[Gasification] Gasification Digest, Vol 41, Issue 21
pgt at thompsonspaven.com
Sun Jan 26 13:23:59 CST 2014
We have been working recently with wood micro-chips - i.e. chips that pass
a 12mm screen, de-dusted and very low bark/ash - and the case for field
chipping (leaving the bark in the woods) and then truck drying becomes
compelling. Direct use of the exhaust is a no-no, as you say, but a simple
on-board CHP system with, as Thomas Koch says, some air movement does mean
that much drying can be done at no marginal cost (money or energy) out on
the open road.
It works very well for micro-chips with their increased surface area/kg.
Not sure about standard G30 or G50
From: <gasification-request at lists.bioenergylists.org>
Reply-To: <gasification at lists.bioenergylists.org>
Date: Sunday, 26 January 2014 19:00
To: <gasification at lists.bioenergylists.org>
Subject: Gasification Digest, Vol 41, Issue 21
>Hi Tom and Colleagues,
>Having spent the first 9 years of my "trade "life in transport
>engineering, your idea is sound but difficult to put into practice. Chip
>trucks are tippers, so the exhaust would have to enter the box via a
>flexible hinge at the rear of the body. Not impossible, but difficult to
>organise as most exhausts exit vertically up the back of the cab. You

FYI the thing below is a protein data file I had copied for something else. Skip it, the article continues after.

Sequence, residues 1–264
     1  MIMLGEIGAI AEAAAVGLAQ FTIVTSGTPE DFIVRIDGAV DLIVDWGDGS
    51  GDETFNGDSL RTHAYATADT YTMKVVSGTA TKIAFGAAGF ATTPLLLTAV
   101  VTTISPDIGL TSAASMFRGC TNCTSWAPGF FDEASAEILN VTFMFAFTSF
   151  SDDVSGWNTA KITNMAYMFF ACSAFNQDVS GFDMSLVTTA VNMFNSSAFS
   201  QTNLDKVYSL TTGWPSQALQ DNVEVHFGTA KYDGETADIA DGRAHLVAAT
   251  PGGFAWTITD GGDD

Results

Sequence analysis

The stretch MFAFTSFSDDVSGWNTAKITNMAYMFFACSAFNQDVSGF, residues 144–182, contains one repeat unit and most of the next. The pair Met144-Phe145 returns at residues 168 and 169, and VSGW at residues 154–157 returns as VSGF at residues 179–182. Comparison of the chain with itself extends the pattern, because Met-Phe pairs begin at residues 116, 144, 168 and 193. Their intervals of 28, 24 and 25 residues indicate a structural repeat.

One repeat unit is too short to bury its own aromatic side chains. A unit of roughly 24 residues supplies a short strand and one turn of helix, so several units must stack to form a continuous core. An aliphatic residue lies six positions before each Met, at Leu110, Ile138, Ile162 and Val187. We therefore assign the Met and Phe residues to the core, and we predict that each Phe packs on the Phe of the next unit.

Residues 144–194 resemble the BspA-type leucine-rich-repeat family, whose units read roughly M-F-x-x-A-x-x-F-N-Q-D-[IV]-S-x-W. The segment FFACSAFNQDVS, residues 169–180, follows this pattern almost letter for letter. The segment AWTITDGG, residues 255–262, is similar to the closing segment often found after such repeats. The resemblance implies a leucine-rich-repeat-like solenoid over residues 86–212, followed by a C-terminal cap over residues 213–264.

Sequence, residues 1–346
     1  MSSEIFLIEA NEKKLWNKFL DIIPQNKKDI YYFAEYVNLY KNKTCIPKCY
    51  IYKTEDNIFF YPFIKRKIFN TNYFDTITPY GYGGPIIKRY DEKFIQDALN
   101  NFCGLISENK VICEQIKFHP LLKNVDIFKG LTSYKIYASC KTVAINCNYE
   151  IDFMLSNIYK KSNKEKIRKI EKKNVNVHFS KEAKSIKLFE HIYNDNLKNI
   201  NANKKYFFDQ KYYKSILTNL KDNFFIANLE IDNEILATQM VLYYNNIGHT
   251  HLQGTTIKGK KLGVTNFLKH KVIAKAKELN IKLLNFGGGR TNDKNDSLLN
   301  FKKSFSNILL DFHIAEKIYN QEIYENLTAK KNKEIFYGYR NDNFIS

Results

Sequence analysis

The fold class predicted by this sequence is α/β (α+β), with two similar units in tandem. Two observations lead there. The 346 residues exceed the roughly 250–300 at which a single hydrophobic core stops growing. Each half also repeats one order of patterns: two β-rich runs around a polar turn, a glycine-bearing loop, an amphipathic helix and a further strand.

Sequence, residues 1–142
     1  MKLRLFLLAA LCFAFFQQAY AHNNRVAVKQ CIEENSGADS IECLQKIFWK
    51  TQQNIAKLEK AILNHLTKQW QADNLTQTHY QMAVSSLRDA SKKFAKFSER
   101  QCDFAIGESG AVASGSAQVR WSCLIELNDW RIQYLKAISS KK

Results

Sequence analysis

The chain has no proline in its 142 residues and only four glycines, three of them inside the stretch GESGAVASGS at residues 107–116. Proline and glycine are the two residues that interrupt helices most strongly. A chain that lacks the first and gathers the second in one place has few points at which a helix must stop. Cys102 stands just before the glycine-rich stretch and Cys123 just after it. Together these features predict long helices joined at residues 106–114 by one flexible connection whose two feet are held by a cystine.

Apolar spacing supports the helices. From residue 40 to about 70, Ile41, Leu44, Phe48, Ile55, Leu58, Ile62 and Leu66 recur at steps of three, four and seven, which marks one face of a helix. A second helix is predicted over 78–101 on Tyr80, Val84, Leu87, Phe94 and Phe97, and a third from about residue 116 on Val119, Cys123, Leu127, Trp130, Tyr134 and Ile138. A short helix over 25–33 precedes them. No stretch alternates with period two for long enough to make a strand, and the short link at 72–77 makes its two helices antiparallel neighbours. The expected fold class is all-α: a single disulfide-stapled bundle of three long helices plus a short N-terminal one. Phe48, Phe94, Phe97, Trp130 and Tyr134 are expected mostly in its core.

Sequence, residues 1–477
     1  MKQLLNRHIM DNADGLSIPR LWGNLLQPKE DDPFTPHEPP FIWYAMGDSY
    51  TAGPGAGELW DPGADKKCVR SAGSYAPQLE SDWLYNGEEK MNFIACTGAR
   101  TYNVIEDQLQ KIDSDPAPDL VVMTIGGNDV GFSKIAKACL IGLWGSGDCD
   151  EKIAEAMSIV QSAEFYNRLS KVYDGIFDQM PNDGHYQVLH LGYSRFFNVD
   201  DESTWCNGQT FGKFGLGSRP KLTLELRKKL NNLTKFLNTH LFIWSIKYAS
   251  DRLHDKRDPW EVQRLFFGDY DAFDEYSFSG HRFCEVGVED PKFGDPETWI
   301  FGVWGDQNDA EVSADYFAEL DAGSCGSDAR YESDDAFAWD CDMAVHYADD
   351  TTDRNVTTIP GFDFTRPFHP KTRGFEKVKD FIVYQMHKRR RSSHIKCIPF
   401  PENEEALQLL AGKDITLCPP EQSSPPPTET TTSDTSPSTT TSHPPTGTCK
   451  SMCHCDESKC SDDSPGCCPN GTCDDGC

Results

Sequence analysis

>would then need a body floor that is probably perforated, or for trials
>fitted with a piping system on top of the floor.
>Having used exhausts a lot over the years into drum driers, but not
>closely controlled to 300C, but around 300C just the same, given enough
>time, the chip on the bottom starts to cook, and you see this at a point
>when steam and blue smoke comes out the top. This is much the same
>problem for any static pile, so introduces the need for chip movement.
>Rotational drying is a known technology, but in the circumstances that we
>might dry chips for gasification and whatever, I have often thought that
>our primary sources of heat is slightly different in it's acquisition to
>those of most commercially available dryers.
>While we continue to seek easy solutions and simplicity of design, the
>answers to these questions remain complex for those charged with
>resolving the problems. The calculations may show what might be possible,
>but it doesn't tell you how it's achieved(:-)
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